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Novelist finally got around to writing

A prolific writer, Robert Wilson has written six other novels besides "The Blind Man of Seville." Prior to his writing career, Wilson worked in shipping and advertising in London and did trading in West Africa. He was 36 years old before he started writing novels, but his Oxford credentials prepared the way.

During a telephone interview from Washington, D.C., Wilson, who divides his time between England, Spain and Portugal, attributed his rising star to his fifth novel, "A Small Death in Lisbon," for which he was awarded the coveted British Gold Dagger for Fiction last year. "It lifted my career to a new level. Since then, I've been able to give up odd jobs in advertising.

" 'Small Death' is a dual storyline, too. I tell two stories together, and they slowly grow together. I really don't like books that use two storylines. It puts me off. Yet I may be the best person to be writing them, because I try to make them bearable."

Wilson had always wanted to write. "It was just a question of getting around to it. Finally, I stopped work and moved to Portugal, painting myself into a corner so I would have to do nothing but write to gain income. I sold my London apartment and bought a new place in the middle of nowhere. In one year, I managed to get my first novel sorted out. I don't regret the shipping and advertising work I've done. Having some real life under your belt is not a bad thing."

Someone suggested he try writing a crime thriller, so he read Elmore Leonard and Raymond Chandler and thought, "I can do this." He had to develop what he calls "the noir voice," which he believes "suits America — and I manipulated it so it would suit West Africa."

It took him "18 intensive months" to write "The Blind Man of Seville," and he has "a vague idea for four other books based on the same main character, Detective Javier Falcon. "I've always been good at keeping lots of different threads of plot in my mind. I took English literature at Oxford. It seems I have a strong narrative gene to hold all these things in my head.

"My way of working is complicated. I write in longhand for five to six months, then I start transferring the work onto the computer. Then I rewrite and rework it. It ends up with a tapestry effect."

"Seville" started with a fragment. "It's almost like an archaeologist who suddenly finds a civilization beneath. I was working on 'A Company of Strangers,' and I had this image in my mind of a murderer who removed his victims' eyelids. I didn't know where it came from, so I just made a note of it. I thought later that it came from 'A Clockwork Orange,' where one of the characters has his eyelids pinned open and is forced to watch terrible violence. That movie was 30 years ago. That's a lengthy gestation period." The killer in "The Blind Man of Seville" removes his victims' eyelids and makes them watch video images.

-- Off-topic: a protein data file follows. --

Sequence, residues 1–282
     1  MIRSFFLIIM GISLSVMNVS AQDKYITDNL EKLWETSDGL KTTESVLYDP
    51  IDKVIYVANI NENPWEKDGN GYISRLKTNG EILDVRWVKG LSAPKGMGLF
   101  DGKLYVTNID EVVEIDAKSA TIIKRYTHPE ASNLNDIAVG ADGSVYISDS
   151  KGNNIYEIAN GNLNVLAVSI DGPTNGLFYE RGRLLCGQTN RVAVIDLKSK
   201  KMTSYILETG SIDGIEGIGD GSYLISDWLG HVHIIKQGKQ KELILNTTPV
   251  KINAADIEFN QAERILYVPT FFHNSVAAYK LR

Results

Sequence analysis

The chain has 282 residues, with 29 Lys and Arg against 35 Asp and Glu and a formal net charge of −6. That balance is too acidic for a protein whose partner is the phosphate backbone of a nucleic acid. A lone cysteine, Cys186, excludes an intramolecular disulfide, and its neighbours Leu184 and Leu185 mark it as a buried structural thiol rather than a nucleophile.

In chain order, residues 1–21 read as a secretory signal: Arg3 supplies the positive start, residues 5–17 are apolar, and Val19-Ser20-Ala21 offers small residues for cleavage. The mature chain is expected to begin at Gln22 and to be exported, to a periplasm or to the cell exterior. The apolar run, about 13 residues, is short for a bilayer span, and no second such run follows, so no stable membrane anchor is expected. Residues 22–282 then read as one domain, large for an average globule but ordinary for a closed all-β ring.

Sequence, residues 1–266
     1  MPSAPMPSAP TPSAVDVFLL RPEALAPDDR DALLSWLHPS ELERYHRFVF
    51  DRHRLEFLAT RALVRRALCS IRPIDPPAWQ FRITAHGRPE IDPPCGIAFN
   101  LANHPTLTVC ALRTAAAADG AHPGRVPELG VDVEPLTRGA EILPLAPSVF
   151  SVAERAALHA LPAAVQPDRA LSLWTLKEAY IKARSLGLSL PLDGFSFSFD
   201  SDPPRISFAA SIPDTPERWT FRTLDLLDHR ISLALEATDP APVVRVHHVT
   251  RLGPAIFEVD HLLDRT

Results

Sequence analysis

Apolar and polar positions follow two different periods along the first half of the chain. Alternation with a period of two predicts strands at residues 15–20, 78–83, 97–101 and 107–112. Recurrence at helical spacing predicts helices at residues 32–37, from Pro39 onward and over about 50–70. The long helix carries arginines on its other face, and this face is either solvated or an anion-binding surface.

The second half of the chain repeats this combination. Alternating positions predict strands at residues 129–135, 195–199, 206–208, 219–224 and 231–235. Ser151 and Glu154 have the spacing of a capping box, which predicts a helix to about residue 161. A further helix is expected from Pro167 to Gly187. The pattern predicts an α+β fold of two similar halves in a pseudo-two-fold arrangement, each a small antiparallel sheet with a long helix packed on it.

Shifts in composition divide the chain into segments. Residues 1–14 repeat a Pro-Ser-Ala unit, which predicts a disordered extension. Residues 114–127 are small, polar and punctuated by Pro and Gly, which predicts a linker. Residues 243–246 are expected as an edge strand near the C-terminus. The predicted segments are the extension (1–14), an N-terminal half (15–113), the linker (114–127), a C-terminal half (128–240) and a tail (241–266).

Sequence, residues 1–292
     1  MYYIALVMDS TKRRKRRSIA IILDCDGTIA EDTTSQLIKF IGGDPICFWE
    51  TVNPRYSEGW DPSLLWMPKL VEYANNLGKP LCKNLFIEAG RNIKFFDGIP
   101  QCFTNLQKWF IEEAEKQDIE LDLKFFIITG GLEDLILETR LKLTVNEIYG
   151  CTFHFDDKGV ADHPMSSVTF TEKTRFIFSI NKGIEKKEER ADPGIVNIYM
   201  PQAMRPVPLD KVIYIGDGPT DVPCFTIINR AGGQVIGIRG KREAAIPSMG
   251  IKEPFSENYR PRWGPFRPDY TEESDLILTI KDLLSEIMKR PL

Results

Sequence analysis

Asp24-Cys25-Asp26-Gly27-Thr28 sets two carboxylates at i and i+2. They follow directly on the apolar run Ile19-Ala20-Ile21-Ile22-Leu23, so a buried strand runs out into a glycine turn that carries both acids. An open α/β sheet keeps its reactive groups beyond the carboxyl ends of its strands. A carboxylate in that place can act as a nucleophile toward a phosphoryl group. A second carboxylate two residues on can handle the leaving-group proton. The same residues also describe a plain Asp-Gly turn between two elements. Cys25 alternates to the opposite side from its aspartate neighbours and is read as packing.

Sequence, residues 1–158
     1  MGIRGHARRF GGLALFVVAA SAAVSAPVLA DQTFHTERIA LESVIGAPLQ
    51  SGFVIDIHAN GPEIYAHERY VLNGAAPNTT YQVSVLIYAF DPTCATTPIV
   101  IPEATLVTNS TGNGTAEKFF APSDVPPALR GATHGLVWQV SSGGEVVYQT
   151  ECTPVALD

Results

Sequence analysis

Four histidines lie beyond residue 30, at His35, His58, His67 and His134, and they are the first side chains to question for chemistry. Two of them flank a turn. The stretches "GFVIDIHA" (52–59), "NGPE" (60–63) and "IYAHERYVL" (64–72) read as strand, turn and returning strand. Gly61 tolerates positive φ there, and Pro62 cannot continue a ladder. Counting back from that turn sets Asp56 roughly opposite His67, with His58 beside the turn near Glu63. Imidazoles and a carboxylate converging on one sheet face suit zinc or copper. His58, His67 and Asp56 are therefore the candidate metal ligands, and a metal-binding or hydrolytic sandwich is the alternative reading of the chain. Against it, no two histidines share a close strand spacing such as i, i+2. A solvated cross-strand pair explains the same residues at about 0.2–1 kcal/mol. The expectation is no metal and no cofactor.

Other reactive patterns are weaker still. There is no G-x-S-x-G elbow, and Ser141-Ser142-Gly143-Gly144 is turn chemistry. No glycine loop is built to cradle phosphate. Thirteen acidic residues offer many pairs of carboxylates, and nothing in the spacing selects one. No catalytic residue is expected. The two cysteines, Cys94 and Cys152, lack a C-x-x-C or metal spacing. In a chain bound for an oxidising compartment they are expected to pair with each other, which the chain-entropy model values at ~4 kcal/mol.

Wilson says, "All my novels start with the setting, then everything emerges from it. The settings bring the stories with them. I have a particular problem with Seville, because everyone knows things about its traditions of wild parties and bull fighting. I could be in danger of writing a clich if I were not careful.

"I first arrived in Seville on a bike in 1984. I wondered, 'What is the important thing about Seville?' I realized it was the streets — the street life. Then I got my next fragment. I would write a police procedural that would be a psychological thriller. It fit in with the horror image. Detective Falcon was so appalled by what happened to the victims."

Wilson also decided early that the detective's father, a great painter, would have been an avid journal writer, but Wilson didn't know the content. "About halfway through the book, I realized I didn't have the diaries, so I spent three months writing the diaries — about 100,000 words. I became this very strange person. I wanted each section of the diaries to reveal some new aspect of Francisco Falcon's character.

"I used only a third of what I'd written. Then, after publication, I posted some more sections of the diary on the Internet, because people who have read the book wanted to read more."

It is Wilson's belief that Francisco "is a remarkable person, a public figure, a father, an interesting human being. But it is only when we're shown through the diaries what he is actually like that we see the reality of his personality. He's done appalling things. Yet, you can't bring yourself to hate him. I call it the charisma of evil. Good and evil can co-exist in one person. Spain was a good place to tell this story, because there is quite a blood lust there."

Wilson says he writes "from the stomach rather than from the head. If I feel something only in the head, it isn't good enough. If I feel it in my gut, I think it's working. This book seeks a particular type of reader who will allow the author to gain a grip on him. Some writers grab you by the scruff of the neck and run you through a flaming house. I try to get the reader in some sort of lock and then apply pressure."

The person who reads Wilson's books, he says, is one "who would normally read literary fiction but doesn't want to read it all the time."